More Tenant Actions Going to the Dogs, Lawyers Say

, New York Law Journal


Maddy Tarnofsky, a tenant's attorney, with her dog, a 6 year old Newfoundland named Maizie
Maddy Tarnofsky, a tenant's attorney, with her dog, a 6 year old Newfoundland named Maizie

She has been handling pet cases for tenants since 1996, at the beginning of her career in private practice. Before that, she worked for the Department of Housing Preservation and Development.

Copeland said she was drawn to pet work in part because she is an animal lover herself; currently she has two Shetland Sheepdogs and two cats. An early encounter with the legal system also played a role: while she was an undergraduate at the University of Massachusetts in Boston, her landlord tried to make her get rid of her dog. The Boston College Law School Legal Clinic took the case and won.

She views the recent trend toward emotional support animal claims partly as a cultural shift. Copeland is fascinated by the nature of human-animal relationships and how they benefit people psychologically; she corresponds regularly with a paleoanthropologist at Penn State University, Pat Shipman, who maintains that animal-human bonds are as hard-wired in human DNA as language and using tools.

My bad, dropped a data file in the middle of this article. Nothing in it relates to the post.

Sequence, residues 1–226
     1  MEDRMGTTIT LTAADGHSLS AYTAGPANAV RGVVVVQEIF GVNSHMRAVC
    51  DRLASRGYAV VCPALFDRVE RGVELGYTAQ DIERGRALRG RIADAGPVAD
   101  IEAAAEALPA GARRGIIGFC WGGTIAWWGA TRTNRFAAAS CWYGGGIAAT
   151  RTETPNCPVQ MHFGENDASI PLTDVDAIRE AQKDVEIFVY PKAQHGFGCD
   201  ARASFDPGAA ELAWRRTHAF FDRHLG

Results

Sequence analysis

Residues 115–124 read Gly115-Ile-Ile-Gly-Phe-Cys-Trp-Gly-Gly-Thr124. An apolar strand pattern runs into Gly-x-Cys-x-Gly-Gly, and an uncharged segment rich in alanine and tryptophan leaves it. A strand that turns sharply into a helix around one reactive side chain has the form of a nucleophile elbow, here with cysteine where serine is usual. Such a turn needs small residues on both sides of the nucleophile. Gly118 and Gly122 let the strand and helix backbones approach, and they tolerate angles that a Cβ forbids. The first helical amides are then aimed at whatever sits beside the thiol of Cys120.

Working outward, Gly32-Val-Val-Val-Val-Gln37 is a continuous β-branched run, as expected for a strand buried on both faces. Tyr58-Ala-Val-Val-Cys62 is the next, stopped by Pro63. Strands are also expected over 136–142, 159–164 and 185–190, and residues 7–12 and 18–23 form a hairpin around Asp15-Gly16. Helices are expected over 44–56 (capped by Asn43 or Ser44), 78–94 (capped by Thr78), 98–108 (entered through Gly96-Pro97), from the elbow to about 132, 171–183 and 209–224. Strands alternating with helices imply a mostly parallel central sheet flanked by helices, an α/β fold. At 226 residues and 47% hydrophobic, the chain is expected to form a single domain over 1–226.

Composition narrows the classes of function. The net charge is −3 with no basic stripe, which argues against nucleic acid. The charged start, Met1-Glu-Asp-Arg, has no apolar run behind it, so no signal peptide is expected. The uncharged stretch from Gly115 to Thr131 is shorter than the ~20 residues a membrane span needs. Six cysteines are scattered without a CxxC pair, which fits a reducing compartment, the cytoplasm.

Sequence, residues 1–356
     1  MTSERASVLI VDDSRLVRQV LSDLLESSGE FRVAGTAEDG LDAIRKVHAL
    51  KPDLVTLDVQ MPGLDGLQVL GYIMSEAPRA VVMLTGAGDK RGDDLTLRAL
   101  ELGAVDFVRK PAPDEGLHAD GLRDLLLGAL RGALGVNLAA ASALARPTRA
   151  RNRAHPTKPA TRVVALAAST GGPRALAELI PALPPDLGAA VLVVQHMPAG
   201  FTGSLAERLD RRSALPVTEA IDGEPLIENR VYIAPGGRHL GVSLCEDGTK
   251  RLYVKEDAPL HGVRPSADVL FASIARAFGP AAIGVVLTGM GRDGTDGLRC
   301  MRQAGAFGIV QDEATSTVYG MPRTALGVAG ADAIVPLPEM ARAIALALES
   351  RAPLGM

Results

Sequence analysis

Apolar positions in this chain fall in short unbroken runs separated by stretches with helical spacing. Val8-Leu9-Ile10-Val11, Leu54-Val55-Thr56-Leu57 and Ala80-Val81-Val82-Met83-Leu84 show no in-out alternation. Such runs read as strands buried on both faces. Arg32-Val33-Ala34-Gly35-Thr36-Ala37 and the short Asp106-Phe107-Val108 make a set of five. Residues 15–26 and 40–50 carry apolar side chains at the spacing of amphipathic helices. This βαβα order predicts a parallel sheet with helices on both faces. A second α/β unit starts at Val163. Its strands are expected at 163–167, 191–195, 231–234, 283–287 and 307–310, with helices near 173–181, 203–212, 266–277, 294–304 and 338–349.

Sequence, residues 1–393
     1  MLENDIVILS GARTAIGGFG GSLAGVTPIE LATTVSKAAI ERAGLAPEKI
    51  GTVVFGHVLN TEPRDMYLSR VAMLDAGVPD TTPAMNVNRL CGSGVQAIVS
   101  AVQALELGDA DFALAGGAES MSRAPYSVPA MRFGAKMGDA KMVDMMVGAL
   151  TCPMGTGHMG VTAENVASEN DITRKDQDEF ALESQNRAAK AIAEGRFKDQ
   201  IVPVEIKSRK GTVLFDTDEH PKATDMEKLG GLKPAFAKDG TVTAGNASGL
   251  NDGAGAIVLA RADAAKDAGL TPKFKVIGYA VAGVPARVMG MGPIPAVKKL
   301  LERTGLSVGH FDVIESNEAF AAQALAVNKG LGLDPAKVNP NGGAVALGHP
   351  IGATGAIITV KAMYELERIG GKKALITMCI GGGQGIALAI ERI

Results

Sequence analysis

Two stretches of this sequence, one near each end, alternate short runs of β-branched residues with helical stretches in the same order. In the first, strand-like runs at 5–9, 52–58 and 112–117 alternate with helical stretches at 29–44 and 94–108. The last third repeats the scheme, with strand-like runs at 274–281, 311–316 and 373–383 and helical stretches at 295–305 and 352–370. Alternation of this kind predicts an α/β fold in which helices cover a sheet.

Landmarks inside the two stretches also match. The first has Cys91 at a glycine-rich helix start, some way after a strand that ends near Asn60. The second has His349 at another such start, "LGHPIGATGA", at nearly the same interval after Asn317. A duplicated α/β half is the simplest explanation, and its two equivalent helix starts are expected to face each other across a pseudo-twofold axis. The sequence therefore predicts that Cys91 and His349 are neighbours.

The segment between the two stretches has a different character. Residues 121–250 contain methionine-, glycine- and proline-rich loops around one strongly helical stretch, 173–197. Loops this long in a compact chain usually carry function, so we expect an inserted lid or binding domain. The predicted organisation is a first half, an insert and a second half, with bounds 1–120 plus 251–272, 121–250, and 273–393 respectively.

Copeland believes that the therapeutic benefits of emotional support animals, such as service dogs, are becoming more recognized by the public. As a result, she said, tenants facing a choice between a pet and an apartment increasingly know that they have legal remedies.

"People are just picking up on it," she said. "They're reading things, hearing from their neighbors, seeing people."

Doctors, who must vouch that their patients truly need their pets, also have embraced the idea of emotional support animals, Tarnofsky noted.

"It's the rare doctor, now, that says, 'That's ridiculous, this makes no difference to my patient's condition.' I don't hear that anymore," Tarnofsky said. "Doctors are being educated, judges are being educated, legislators are being educated."

Law was a second career for Tarnofsky, who moved to New York from Chicago in 1971 to be an actress. She abandoned that path after casting directors told her she looked "too Jewish," but "not Jewish enough" for Fiddler on the Roof.

"I thought, I can't put my fate in the hands of these idiots anymore. Is there something else that I feel passionate about? And that was landlord-tenant issues."

She began her career at a small tenant firm, David Rosenholtz & Associates. Herself a dog owner and dog lover, she jumped on the first pet case that came to the firm in the mid-1980s and has sought out pet cases ever since.

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